Graduate-level work in school psychology has a long and distinguished history at California State University, Chico. The program was founded by Dr. Hugh M. Bell, and it was the first graduate program offered by the Department of Psychology. Our program is accredited by both the state of California and the National Association of School Psychologists (NASP). Currently, the school psychology faculty consists of two full-time professors who are school psychologists as well as other full-time professors in the psychology department. Part-time instructors who work in local schools also teach some classes.
Students who graduate from our program complete three years of study to earn the Master of Arts in Psychology, Option in Applied Psychology/School Psychology as well as eligibility for the Pupil Personnel Services (PPS) School Psychology Credential from the California Commission on Teacher Credentialing. Both the master’s degree and the PPS credential are required to practice as a school psychologist in California.
In addition, students who graduate from our program meet NASP coursework requirements to become Nationally Certified School Psychologists (NCSP). PRAXIS score passing rate is 100% for first-time test-takers over the past several years, and employment rates are 100%.
Licensure and Credentialing
Admission into programs leading to licensure and credentialing does not guarantee that students will obtain a license or credential. Licensure and credentialing requirements are set by agencies that are not controlled by or affiliated with the CSU and requirements can change at any time. For example, licensure or credentialing requirements can include evidence of the right to work in the United States (e.g., Social Security Number or taxpayer identification number) or successfully passing a criminal background check. Students are responsible for determining whether they can meet licensure or credentialing requirements.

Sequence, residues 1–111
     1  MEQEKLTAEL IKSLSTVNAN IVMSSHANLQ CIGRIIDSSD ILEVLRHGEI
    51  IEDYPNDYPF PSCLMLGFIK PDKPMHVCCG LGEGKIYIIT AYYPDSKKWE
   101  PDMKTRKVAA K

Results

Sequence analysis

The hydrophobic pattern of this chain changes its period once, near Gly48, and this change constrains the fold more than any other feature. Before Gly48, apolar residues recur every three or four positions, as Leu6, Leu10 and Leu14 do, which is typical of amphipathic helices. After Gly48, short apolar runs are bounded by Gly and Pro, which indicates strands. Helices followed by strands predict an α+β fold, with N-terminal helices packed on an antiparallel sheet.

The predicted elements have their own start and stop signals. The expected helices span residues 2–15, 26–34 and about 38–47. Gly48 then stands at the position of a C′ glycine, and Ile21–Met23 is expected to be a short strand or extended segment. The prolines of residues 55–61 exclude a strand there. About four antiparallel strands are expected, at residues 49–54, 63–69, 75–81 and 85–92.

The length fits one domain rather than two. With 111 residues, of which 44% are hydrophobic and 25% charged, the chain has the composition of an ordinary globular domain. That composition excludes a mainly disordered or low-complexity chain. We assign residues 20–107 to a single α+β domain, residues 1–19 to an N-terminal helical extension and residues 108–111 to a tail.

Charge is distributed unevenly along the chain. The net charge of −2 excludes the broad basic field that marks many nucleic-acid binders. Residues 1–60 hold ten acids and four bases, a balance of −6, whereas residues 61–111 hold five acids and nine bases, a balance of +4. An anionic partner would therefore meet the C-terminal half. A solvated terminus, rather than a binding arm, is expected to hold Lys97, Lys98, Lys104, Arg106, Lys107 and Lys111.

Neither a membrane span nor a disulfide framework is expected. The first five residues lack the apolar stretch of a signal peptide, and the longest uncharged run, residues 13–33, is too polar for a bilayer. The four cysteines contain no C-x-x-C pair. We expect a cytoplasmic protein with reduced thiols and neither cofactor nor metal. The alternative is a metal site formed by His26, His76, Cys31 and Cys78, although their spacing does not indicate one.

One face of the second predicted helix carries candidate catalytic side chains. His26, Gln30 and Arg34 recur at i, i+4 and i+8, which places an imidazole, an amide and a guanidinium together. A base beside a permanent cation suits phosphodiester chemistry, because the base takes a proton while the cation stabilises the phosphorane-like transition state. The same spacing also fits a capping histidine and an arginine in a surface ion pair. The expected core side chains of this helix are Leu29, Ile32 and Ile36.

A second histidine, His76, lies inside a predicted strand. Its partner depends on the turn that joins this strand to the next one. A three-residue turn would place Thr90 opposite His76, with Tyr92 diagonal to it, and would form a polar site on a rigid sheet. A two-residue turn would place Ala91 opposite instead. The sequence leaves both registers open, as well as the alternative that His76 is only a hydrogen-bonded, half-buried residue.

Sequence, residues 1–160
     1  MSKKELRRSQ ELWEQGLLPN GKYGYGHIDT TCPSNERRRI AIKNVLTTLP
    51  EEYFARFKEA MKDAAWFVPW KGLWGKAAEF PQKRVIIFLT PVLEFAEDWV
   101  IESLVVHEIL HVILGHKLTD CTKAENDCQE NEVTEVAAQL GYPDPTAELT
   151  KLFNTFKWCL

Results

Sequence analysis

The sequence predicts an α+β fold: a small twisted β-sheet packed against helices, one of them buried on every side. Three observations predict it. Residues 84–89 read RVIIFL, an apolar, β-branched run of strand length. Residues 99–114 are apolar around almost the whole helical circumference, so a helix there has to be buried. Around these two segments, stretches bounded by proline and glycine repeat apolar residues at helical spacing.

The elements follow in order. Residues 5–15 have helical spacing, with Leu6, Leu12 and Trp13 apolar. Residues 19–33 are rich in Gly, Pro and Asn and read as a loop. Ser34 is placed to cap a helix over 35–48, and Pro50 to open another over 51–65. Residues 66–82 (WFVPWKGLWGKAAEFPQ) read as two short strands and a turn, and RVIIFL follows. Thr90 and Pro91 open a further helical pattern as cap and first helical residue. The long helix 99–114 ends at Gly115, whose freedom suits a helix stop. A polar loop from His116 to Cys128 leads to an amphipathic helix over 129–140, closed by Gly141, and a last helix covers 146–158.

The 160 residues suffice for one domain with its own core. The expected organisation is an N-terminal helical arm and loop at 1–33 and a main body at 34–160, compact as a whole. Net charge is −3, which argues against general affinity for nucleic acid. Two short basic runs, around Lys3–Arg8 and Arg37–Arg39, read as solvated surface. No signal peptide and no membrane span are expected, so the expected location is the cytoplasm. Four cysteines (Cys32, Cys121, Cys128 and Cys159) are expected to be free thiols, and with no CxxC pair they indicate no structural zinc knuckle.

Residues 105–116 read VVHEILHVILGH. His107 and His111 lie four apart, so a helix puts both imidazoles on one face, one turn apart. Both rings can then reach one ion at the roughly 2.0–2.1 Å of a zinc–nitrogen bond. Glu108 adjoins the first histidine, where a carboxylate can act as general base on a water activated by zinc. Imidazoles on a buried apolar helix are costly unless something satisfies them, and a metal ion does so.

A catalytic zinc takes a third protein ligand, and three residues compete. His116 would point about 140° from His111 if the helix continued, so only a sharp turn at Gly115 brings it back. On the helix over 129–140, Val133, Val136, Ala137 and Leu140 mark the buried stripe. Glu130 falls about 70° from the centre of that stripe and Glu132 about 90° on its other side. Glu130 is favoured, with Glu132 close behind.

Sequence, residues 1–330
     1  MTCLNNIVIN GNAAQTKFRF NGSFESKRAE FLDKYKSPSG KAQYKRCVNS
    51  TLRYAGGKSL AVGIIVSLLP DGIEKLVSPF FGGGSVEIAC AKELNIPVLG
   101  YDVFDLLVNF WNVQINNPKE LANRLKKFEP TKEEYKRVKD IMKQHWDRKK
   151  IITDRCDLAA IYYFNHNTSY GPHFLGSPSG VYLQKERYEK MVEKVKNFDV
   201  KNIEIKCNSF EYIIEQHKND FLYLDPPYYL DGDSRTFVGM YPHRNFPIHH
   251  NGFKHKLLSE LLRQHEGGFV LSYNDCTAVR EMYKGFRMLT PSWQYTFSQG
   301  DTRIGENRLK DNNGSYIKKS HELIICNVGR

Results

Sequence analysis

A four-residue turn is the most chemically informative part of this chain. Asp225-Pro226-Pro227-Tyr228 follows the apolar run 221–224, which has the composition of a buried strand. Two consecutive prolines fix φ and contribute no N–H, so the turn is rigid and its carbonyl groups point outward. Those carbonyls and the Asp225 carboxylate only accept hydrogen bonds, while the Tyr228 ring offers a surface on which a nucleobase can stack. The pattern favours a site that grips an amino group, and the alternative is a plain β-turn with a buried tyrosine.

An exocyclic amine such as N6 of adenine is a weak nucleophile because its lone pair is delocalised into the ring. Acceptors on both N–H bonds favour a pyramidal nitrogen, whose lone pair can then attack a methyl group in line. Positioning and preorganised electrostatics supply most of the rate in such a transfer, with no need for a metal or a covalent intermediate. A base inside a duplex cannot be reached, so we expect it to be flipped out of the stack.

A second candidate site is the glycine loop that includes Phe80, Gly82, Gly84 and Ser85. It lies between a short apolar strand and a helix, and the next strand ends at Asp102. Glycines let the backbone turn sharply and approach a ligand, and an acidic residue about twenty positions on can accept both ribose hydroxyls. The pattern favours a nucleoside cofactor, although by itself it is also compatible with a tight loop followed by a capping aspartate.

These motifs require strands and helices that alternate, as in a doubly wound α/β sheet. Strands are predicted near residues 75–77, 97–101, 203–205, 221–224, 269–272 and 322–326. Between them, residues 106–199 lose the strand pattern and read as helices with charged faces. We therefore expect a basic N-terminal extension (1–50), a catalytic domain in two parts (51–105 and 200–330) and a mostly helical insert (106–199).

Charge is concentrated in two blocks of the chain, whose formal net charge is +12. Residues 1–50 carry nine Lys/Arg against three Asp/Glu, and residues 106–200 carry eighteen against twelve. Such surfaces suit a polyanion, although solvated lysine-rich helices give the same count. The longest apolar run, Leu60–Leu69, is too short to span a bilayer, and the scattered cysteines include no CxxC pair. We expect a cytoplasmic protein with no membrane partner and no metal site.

The California State University has not determined whether its programs meet other states' educational or professional requirements for licensure and certification. Students enrolled in a California State University program who are planning to pursue licensure or certification in other states are responsible for determining whether they will meet their state's requirements for licensure or certification. This disclosure is made pursuant to 34 §CFR 668.43(a)(5)(v)(C).
Graduate Advising Requirement
MA psychological science students should consult the Psychological Science Coordinator in planning their program.
MA school psychology students should consult the School Psychology Credential/Pupil Personnel Services Coordinator in planning their program.
Research with Human Participants or Animals
All research projects which involve human participants must be reviewed for adherence to ethical guidelines as outlined in departmental and University policies (EM 93-004). No research involving human subjects will be conducted until a review of the project has been carried out and written approval given. All activity with animals must adhere to the guidelines outlined in the University Animal Welfare Policy (EM-09-006). Guidelines on the use of human or animal subjects are available from Chico State Enterprises.